There is much expected of mothers, even without the burden of our Heavenly responsibility. We are expected to know how to nurse a wound and comfort a child simultaneously. We need to brush up on our fractions and algebra to help with math assignments, and know how to sew a costume for a play or recital. We have to be a negotiator between warring children, and a psychologist for our children in need of counsel. We need to help with music practice, teach them to ride bicycles, and decide with wisdom which of the four million extra-curricular activities available to them fits their needs and gifting. We’re to do all that while cheerfully keeping up with laundry, meals, housekeeping, and loving our spouses, if we are fortunate enough to have one. I haven’t even gotten to the spiritual responsibilities.
No wonder it is easy to get distracted. We don’t even have to be doing anything wrong to be led away from our real mission. It is hard remembering we are here to do more than raise productive citizens. We are here to take care of souls. Our children, like us, are eternal beings. If valiant, they will one day rule worlds of their own. Let’s do more than care about if they get a 4.0 grade point average, or a 30 on the ACT. Let’s train them to be valiant in their testimony of Christ. Let’s raise them to care about eternal matters.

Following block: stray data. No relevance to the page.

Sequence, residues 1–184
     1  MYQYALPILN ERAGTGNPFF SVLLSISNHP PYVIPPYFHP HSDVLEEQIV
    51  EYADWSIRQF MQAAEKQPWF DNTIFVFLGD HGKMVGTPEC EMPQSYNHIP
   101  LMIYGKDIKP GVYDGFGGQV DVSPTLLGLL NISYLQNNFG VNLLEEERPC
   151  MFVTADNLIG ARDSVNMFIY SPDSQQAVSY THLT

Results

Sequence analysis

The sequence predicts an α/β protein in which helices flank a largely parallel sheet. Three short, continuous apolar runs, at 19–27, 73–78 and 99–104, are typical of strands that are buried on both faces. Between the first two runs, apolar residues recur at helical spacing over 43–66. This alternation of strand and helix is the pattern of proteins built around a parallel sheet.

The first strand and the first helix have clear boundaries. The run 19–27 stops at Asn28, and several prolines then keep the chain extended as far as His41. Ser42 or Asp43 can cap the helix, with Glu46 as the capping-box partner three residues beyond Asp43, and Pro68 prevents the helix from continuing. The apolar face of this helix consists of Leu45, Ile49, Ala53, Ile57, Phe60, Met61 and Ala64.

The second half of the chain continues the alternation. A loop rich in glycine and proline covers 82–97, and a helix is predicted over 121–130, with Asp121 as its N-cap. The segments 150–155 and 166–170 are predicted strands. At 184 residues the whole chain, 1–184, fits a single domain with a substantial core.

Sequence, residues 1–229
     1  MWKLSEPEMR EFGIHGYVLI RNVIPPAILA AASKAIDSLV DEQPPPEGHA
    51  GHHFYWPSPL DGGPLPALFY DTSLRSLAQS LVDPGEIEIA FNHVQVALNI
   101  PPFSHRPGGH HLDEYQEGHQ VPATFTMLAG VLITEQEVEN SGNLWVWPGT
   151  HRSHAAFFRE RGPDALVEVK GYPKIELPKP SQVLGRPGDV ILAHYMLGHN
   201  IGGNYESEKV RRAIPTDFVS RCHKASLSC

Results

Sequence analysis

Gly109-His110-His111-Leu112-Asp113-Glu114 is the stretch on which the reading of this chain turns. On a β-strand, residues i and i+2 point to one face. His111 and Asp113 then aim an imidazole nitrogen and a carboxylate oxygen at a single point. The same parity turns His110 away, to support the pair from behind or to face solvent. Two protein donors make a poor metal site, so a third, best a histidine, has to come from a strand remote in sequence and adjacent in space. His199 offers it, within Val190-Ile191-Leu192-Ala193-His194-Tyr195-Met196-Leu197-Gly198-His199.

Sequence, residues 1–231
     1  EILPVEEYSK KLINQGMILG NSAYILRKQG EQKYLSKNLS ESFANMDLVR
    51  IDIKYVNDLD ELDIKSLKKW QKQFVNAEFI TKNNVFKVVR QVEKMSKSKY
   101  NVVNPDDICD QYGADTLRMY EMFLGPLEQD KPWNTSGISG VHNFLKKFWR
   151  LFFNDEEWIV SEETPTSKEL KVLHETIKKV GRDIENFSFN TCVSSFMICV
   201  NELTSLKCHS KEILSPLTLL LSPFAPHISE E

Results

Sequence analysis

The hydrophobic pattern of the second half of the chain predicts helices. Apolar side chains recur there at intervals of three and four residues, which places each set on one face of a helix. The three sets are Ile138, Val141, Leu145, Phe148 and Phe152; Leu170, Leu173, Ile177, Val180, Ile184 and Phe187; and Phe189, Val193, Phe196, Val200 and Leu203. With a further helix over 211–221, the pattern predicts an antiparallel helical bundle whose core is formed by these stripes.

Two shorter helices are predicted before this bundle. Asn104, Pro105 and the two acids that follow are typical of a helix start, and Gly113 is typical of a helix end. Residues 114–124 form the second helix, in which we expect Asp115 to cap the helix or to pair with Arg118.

Some ways to nurture souls
What a daunting task! How do we go about it? Well, I am navigating these responsibilities just like the rest of you, but some thoughts keep coming to my mind regarding the topic. First, we have to strive to be valiant ourselves. It will be much easier for our children to desire righteousness if they see it in us. Do they see us read our scriptures? Do they see us in personal prayer? Do they hear us talk about the commandments and how we are striving to fulfill them? It is impossible for us to be perfect, and believe me my children know I am not. But, when we do sin, we can be honest about it and show them what real repentance looks like.